Minnesota’s Role in the Thanksgiving Meal
When heading out to grocery stores, butcher shops and bakeries this week in preparation for Thanksgiving, be thankful we’ve adapted our national day of thanks' menus to use abundant and relatively inexpensive Minnesota-produced food products.
Records are incomplete on what the Pilgrims and the Wampanoag ate at their first three-day celebration in Plymouth Colony in 1621. What is known is that staples of the modern Thanksgiving feasts – including potatoes and sweet potatoes – had not been imported and introduced to North America by then, and historical researchers suspect that there were far more oysters, mussels, other seafood, ducks, geese and wild animals served at those meals than wild turkeys.
A good timeline on how Thanksgiving meals have changed can be found at “American Thanksgiving: What is a typical American Thanksgiving dinner?”
Bringing that close to home, we assume most Minnesotans have adapted Thanksgiving menus that rely heavily on what our state’s 81,000 farmers produce and are supplied by more than 600 Minnesota food companies – including 13 industry giants with billions in annual revenue. This is good for the Minnesota economy.
Minnesota is the leading turkey producing state. The state’s 250 turkey farmers are expected to raise 47 million turkeys this year. University of Minnesota research in 2011 concluded that these birds created $807 million in economic activity and supported 26,000 Minnesota jobs.
A turkey fact sheet prepared by Lara Durben, communications director for the Minnesota Turkey Research & Promotion Council, cites that research as finding each turkey generates $17.46 in direct economic activity for the state. Jennie-O Turkey Store, based at Willmar, is the nation’s second largest turkey processing company; Turkey Valley Farms, at Marshall, ranks 20th; and the Northern Pride growers’ cooperative at Thief River Falls ranks 21st among processors.
On top of that, Willmar Poultry Co. at Willmar is the nation’s largest turkey hatchery. That clears up where turkeys come from if not which came first, the poult or the egg.
Let’s consider other local foods for the feast table.
Sweet corn, corn puddings or corn breads are likely to adorn tables. Keep in mind Minnesota is the leading state in growing sweet corn for processing with 119,000 acres devoted to the crop. The Minnesota office of the National Agricultural Statistics Service (NASS) tallied the farm value of that crop at $77.7 million in its most recent annual statistics report, and that doesn’t multiply the benefits and values added off the farms.
Minnesota also ranks first among states in producing green peas for processing, so put some peas on the table. NASS found 53,300 acres planted in peas, with a farm value of $39.1 million.
Bean dishes work as a great high-protein substitute for meat for the relatives who limit their range of center-of-the-plate foods. Minnesota farmers rank fourth in the nation in producing dry edible beans of numerous types, from 175,000 acres at a farm value of $85.7 million.
You will need breads and stuffing that are largely built up from wheat crops. Minnesota farmers rank 10th among wheat producers with more than 1.1 million acres planted with wheat crops that were valued at $540.2 million in the last NASS annual survey.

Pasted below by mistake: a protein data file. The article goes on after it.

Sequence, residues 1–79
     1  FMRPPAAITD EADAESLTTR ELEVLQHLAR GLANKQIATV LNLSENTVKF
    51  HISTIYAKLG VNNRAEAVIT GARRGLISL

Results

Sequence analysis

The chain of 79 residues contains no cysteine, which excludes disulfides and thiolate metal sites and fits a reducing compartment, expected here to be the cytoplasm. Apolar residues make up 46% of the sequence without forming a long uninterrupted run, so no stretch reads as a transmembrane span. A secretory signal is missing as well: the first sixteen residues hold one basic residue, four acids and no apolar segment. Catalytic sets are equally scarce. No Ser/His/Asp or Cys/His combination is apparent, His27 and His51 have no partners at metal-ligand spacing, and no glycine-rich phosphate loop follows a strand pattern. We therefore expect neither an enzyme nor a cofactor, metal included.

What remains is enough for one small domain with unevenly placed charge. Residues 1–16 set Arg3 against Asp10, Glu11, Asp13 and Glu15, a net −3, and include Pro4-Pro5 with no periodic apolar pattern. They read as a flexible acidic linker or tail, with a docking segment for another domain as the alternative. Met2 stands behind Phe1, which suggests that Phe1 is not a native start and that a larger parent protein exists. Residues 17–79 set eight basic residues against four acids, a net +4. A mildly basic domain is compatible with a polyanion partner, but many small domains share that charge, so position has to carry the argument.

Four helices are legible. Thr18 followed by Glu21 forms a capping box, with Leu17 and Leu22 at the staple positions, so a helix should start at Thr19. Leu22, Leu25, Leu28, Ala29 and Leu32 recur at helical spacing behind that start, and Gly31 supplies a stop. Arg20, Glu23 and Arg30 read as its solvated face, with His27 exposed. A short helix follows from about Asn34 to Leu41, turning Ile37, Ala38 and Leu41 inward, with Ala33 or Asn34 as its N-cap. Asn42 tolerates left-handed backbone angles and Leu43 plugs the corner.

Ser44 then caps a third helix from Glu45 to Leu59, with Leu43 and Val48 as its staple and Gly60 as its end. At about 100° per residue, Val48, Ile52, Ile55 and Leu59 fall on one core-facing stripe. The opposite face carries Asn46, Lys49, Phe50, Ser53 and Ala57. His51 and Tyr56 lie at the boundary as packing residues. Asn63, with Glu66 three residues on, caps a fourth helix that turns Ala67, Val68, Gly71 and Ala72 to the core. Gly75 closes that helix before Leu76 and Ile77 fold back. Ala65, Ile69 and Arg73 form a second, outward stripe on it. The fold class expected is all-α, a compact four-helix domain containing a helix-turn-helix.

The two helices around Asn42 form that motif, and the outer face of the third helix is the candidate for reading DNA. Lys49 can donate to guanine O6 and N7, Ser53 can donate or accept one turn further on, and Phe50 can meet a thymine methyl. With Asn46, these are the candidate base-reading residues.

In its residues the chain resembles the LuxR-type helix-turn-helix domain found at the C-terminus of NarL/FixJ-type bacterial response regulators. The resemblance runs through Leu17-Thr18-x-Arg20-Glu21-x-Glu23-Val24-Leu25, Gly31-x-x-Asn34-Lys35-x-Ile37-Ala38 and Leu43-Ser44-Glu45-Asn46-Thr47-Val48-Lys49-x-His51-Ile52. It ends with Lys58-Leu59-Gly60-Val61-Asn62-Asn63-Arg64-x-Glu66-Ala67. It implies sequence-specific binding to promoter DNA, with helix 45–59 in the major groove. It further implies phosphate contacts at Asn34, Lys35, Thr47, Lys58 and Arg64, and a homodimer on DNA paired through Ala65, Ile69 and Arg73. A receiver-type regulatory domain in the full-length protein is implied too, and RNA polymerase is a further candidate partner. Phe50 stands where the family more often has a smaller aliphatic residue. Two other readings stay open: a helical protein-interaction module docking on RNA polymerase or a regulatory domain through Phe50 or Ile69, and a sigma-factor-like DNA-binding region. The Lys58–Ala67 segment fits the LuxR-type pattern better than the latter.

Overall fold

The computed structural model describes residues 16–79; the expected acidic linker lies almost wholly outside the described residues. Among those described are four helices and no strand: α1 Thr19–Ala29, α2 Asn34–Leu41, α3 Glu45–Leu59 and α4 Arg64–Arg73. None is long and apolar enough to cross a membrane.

Side dishes will require potatoes along with other traditional tuber crops and squashes. Minnesota isn’t big in producing some of these crops except in local markets so not much data are available. Potatoes, however, are grown on 42,000 acres and were valued at $114.8 million, making Minnesota the seventh largest potato state.
Then there are ingredients needed for baking and basting. Minnesota farmers lead the nation in sugarbeet production with a farm crop value of $529.9 million in the last year for which data are complete; they rank sixth in dairy production, valued at approximately $1.5 billion at the farm gate; our poultry farmers produce $167.9 million worth of eggs, and the state’s beekeepers rank sixth in the nation producing a $12.8 million honey crop.
Most Minnesota grown pumpkins are decorative while pumpkins processed for making pies usually start on farms in Illinois and Michigan. We do contribute to making apple pies and apples for Thanksgiving Day snacking, however. Our orchard operators don’t crack the nation’s Top 10 list in apple production, but the value of commercial apples is pegged at $12.6 million.
Such Minnesota-grown foods for Thanksgiving would make the Pilgrims as envious today as they were thankful in 1621. But two side dishes are still needed to make a proper Minnesota feast meal, insists St. Paul business executive Al Paulson.
“It wouldn’t be complete without Minnesota wild rice,” said Paulson, whose family blends Ojibwe and Scandinavian food favorites. The other staple is cranberries that bring both a tingly taste and color to the table.
We’ll let Wisconsin and Massachusetts celebrate cranberries since they account for most production. Wild rice, however, is Minnesota’s official state grain. Data on this crop’s value are incomplete since Native Minnesotans harvest original wild rice in lakes and streams while farmers also raise cultivated wild rice on farms.
Spread wild rice with these other Minnesota foods on the feast table and the typical Minnesota family with be ready for the “four ‘F’s of Thanksgiving, insists Paulson. “That’s football, families, food, and more football.”